One of the aspects of the pharmaceutical industry in general that has always amused and bemused me, is our propensity to combine two words – that individually have clear meaning – and to assume the new pairing means something as well. A classic example is ‘property’ and ‘intellectual’. Everyone knows what property means, and could give an accurate definition of intellectual. But what is Intellectual Property really?
In the Contract Research Organisation segment of the pharmaceutical industry there’s another prevalent dimension – marketing. To be successful as a CRO, we have to be contracted to carry out research for a customer, and marketing is the means by which we communicate the value of what we sell… value to our potential customers. And our success in our marketing is measured by our sales.
If I put these two things together then – marketing and ‘two word combinations’ – I sit back and marvel. Well in truth I sit back and wonder at my own ‘new found’ propensity to give things names…Operation QuickStart. Budget Chase. MarketPlace. Project SixPack. And worse still – as I see them written down – is an apparent unexplainable fixation with Capital Letters in the middle of words.
But we are not alone…although I am not sure if this makes me feel better or worse. This last week I realised that our UK weather forecasters have gone down the same path. Last week, from absolutely nowhere, we were introduced to the concept of a ‘Weather Bomb’. Even now I don’t really know whether I am confused by this term or offended. And I certainly have no real idea what sort of weather it is supposed to describe. But ‘Weather Bomb’ was everywhere in the UK media. And somehow this phrase caused more discussion (and more problems) than the actual weather itself. At least for me.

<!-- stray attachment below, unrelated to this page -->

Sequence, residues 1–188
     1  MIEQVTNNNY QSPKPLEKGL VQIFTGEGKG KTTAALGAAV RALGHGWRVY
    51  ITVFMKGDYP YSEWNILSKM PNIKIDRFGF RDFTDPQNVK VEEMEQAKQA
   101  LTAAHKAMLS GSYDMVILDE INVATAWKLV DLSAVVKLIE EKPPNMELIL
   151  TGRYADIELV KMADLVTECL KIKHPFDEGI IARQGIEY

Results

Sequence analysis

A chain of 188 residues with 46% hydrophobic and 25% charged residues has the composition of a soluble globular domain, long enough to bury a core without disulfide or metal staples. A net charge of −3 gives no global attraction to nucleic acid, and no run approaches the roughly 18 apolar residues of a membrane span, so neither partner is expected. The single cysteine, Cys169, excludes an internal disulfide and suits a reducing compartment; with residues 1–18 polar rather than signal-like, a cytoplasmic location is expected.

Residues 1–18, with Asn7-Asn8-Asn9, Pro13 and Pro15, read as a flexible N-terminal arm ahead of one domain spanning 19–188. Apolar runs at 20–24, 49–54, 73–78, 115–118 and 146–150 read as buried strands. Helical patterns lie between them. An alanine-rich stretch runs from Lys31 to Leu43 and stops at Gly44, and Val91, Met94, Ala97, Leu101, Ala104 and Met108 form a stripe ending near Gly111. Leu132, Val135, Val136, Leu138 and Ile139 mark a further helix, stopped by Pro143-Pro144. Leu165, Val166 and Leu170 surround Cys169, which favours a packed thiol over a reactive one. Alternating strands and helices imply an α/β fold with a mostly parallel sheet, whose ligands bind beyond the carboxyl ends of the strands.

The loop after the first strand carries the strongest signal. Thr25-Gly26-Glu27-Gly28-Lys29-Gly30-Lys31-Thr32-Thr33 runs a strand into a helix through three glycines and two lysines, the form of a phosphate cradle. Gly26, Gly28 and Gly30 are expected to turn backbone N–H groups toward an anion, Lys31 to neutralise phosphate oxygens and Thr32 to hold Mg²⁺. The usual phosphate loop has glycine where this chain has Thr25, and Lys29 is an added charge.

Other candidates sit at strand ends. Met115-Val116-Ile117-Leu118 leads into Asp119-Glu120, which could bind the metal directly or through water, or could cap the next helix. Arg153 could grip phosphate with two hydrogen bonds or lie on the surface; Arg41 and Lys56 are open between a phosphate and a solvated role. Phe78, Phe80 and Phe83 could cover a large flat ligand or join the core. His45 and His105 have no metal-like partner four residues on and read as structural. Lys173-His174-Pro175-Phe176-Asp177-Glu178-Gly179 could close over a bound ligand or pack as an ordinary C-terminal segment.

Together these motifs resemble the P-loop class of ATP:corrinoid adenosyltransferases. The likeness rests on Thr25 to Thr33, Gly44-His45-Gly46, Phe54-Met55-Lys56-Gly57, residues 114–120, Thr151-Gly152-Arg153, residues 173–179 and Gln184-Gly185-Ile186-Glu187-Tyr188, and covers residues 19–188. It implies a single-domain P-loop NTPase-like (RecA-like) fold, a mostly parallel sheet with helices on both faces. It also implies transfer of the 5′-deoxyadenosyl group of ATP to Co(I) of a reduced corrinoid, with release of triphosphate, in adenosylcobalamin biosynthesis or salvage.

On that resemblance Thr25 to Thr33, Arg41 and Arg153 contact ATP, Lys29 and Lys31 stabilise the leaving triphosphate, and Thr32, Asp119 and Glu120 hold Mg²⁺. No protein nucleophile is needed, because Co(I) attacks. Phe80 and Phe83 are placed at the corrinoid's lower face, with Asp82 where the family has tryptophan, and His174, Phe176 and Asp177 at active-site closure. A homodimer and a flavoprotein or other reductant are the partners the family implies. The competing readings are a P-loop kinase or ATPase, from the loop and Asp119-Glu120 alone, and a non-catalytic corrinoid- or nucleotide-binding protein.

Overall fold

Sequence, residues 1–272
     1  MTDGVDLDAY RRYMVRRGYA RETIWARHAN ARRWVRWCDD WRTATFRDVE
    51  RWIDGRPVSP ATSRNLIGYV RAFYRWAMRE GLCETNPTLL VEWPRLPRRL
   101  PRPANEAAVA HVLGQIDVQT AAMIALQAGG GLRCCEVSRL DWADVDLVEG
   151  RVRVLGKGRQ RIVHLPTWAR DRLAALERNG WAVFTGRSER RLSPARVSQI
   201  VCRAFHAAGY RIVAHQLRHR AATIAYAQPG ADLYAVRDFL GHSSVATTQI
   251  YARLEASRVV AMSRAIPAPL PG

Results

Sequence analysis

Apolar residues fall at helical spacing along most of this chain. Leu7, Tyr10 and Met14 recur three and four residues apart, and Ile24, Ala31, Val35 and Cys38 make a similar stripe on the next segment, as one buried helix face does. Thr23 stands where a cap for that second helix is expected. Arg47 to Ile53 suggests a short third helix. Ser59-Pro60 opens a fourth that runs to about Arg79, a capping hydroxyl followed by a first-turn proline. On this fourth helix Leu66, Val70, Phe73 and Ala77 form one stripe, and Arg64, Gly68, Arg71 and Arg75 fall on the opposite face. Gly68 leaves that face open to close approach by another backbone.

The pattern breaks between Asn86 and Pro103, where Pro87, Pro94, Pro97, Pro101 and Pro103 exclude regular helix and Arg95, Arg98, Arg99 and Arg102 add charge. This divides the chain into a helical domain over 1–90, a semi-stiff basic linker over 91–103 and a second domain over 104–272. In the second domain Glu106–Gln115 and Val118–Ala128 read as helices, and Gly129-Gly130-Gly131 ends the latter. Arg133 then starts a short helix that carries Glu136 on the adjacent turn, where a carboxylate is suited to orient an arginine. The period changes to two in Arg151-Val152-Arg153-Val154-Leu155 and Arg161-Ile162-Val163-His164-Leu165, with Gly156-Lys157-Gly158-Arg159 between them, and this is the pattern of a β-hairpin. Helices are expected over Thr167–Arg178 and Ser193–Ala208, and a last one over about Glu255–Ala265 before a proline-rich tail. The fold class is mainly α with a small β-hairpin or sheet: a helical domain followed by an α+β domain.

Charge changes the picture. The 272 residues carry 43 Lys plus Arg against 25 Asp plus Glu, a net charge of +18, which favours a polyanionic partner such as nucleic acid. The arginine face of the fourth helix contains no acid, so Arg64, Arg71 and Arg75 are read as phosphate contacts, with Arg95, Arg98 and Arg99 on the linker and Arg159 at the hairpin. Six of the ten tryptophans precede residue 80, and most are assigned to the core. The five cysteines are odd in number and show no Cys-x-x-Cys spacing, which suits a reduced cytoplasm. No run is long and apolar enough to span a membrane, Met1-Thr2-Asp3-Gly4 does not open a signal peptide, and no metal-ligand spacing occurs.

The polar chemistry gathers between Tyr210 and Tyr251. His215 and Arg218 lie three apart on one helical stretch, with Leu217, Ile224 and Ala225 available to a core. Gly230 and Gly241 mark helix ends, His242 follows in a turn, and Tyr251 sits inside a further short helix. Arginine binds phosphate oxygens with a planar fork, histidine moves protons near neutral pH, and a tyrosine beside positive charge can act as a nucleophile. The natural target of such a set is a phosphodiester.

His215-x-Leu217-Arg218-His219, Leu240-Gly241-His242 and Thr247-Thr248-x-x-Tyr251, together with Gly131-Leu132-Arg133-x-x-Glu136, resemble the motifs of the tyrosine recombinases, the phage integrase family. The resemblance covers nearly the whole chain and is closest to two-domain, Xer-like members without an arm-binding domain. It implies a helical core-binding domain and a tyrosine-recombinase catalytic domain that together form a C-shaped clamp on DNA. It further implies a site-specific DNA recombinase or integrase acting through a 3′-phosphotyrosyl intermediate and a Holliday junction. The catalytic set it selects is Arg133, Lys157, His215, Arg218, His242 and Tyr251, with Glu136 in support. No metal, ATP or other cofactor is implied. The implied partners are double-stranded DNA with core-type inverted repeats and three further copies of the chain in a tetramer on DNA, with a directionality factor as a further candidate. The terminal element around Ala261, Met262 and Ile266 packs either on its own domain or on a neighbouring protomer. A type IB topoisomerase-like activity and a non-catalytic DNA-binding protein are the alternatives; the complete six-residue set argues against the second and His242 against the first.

Wednesday evening I was due to meet – for the first time over dinner – an American leader from a partner company. Our companies have done some superb work together in the past, and we were meeting to celebrate what we have achieved and to begin to see what could be possible moving forward. We had interacted by email, but we had not met in person.
It was cold, wet and windy as I approached the restaurant and, for some reason, as I walked in and shook hands, I said something along the lines of …‘it’s so cold…we must have been hit by the weather bomb’. I immediately realised my mistake. My American friend gave me that look which immediately tells me that I have said something that means absolutely nothing and has confused enormously.
And worse still, I then found myself trying to explain what a ‘weather bomb’ was…what it wasn’t…why the expression was being used…who by…and why I had said those fateful words when we first met. Half way through – half way through my first sentence – I realised that I had jumped into a large hole and was rapidly burying myself. That my attempted explanation was not helping. And that I had to improvise. Quickly.
‘Well enough of that’ (I rudely interrupted myself)…‘it’s great to meet you in person at last’ (what I should have said)…‘this is one of my favourite restaurants in town’ (quickly changing topic on myself). It worked. Relief all round.
And we proceeded to enjoy an excellent evening. The restaurant was very good. We discussed business, families, work, children, customers…and marketing. Eventually I even managed to explain my ‘weather bomb’ moment. And in the process I managed to laugh at myself…always helps.
I am sure we will do more great work – and even better marketing – together…